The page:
While it might not be the most important factor in learning, teachers and administrators say it deserves more attention.

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The movement to make social and emotional skills as important to a child’s education as reading, math and science is gaining ground, according to a national survey of educators published by the newsweekly Education Week, a national weekly newspaper.

About two-thirds of the 562 teachers and administrators who answered the online survey said that social and emotional learning is “very important” to student achievement, up from 54 percent who answered the same question a year ago, according to Education Week’s research center, which conducted the survey.

Washington lawmakers think so, too and included money in their new two-year budget to establish guidelines for social and emotional learning at every grade level.

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Educators don’t say that such learning is the most important factor driving student achievement — both student engagement and teacher quality rank higher in the survey. But just under half also say their schools aren’t giving social and emotional learning enough attention.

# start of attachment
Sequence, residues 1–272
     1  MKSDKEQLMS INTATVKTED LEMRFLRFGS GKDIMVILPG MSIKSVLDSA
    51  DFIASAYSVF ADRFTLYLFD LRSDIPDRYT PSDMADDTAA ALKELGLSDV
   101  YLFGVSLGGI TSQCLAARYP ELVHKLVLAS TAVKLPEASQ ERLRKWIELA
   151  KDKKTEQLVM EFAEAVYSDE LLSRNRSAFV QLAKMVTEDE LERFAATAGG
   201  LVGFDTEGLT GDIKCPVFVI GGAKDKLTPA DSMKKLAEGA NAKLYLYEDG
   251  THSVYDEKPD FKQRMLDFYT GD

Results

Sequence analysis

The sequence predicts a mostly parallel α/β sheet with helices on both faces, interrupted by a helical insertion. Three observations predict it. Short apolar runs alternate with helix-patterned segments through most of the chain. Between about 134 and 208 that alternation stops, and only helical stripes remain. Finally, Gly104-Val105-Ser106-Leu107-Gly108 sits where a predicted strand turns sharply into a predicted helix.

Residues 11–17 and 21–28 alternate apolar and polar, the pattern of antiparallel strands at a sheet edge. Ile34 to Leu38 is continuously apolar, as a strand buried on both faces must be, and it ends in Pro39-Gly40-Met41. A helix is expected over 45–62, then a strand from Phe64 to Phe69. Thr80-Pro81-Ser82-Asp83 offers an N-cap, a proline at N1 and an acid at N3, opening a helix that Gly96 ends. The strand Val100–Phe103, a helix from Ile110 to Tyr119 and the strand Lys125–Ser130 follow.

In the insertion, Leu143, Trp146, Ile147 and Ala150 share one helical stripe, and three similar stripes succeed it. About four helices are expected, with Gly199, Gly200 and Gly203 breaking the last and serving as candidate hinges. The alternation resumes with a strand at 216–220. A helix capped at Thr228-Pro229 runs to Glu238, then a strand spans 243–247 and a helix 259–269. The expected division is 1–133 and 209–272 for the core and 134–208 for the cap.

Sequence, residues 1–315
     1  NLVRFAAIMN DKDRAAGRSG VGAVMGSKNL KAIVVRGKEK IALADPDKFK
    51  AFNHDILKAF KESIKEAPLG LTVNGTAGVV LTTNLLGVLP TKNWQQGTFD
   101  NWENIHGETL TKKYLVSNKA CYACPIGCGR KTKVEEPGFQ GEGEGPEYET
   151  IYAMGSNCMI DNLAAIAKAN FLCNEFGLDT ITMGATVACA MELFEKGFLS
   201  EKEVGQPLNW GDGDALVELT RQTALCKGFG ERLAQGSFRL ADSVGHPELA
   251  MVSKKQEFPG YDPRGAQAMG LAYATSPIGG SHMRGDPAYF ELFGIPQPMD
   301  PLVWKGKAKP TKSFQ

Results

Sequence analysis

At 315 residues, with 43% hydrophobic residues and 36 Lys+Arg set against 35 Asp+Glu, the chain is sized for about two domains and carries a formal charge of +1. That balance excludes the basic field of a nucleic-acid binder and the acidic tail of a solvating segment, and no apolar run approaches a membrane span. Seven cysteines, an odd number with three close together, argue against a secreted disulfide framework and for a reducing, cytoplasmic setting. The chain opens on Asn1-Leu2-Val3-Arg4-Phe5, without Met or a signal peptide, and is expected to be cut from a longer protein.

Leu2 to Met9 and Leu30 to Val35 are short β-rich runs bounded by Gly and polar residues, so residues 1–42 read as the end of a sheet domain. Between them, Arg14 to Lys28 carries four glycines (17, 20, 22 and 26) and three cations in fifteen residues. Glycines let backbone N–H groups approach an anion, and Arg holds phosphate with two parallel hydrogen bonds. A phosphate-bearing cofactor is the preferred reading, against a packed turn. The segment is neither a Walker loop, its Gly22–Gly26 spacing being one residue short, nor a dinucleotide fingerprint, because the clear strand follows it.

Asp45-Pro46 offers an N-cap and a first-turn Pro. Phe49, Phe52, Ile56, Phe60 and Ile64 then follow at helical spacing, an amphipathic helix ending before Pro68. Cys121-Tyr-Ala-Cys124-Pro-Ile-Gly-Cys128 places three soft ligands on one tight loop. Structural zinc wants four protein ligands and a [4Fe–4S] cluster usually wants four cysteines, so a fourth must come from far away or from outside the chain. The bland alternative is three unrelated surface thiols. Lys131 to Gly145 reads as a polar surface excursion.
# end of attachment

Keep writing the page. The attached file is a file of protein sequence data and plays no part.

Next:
The respondents were randomly selected from registrants to Education Week’s website. Although they represent diverse backgrounds, they are not statistically representative of the nation’s educators.

About a third of respondents said their schools use a specific social and emotional learning program.

The Bellevue and Seattle school districts, for example, are using the RULER approach, which was developed at Yale University and featured in an Education Lab story earlier this year.

RULER lessons are taught in Dan Sakaue’s fifth grade classroom at Cherry Crest Elementary School in Bellevue. (Mike Siegel & Katie G. Cotterill / The Seattle Times)

Only 1 percent of the survey respondents reported using RULER in their schools. The most popular program in the survey was Responsive Classroom (18 percent) followed by Second Step from the Seattle-based Committee for Children at 14 percent.